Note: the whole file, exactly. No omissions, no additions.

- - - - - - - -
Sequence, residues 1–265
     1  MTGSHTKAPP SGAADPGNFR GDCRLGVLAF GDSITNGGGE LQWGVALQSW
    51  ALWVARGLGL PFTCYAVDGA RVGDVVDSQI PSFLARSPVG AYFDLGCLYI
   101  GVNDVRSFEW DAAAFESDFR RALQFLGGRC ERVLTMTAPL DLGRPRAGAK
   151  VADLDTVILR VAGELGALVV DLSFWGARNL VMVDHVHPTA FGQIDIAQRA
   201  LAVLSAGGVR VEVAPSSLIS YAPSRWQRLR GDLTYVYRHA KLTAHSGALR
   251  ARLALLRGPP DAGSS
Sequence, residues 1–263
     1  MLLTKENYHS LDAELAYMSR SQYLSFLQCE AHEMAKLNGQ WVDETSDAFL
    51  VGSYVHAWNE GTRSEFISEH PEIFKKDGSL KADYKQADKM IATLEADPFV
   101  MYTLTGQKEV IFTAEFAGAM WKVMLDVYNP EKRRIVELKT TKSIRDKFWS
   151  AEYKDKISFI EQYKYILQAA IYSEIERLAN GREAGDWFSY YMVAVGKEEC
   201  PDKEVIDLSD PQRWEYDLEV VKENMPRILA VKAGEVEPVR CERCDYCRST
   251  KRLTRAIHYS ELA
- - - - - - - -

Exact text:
Sequence, residues 1–265
     1  MTGSHTKAPP SGAADPGNFR GDCRLGVLAF GDSITNGGGE LQWGVALQSW
    51  ALWVARGLGL PFTCYAVDGA RVGDVVDSQI PSFLARSPVG AYFDLGCLYI
   101  GVNDVRSFEW DAAAFESDFR RALQFLGGRC ERVLTMTAPL DLGRPRAGAK
   151  VADLDTVILR VAGELGALVV DLSFWGARNL VMVDHVHPTA FGQIDIAQRA
   201  LAVLSAGGVR VEVAPSSLIS YAPSRWQRLR GDLTYVYRHA KLTAHSGALR
   251  ARLALLRGPP DAGSS
Sequence, residues 1–263
     1  MLLTKENYHS LDAELAYMSR SQYLSFLQCE AHEMAKLNGQ WVDETSDAFL
    51  VGSYVHAWNE GTRSEFISEH PEIFKKDGSL KADYKQADKM IATLEADPFV
   101  MYTLTGQKEV IFTAEFAGAM WKVMLDVYNP EKRRIVELKT TKSIRDKFWS
   151  AEYKDKISFI EQYKYILQAA IYSEIERLAN GREAGDWFSY YMVAVGKEEC
   201  PDKEVIDLSD PQRWEYDLEV VKENMPRILA VKAGEVEPVR CERCDYCRST
   251  KRLTRAIHYS ELA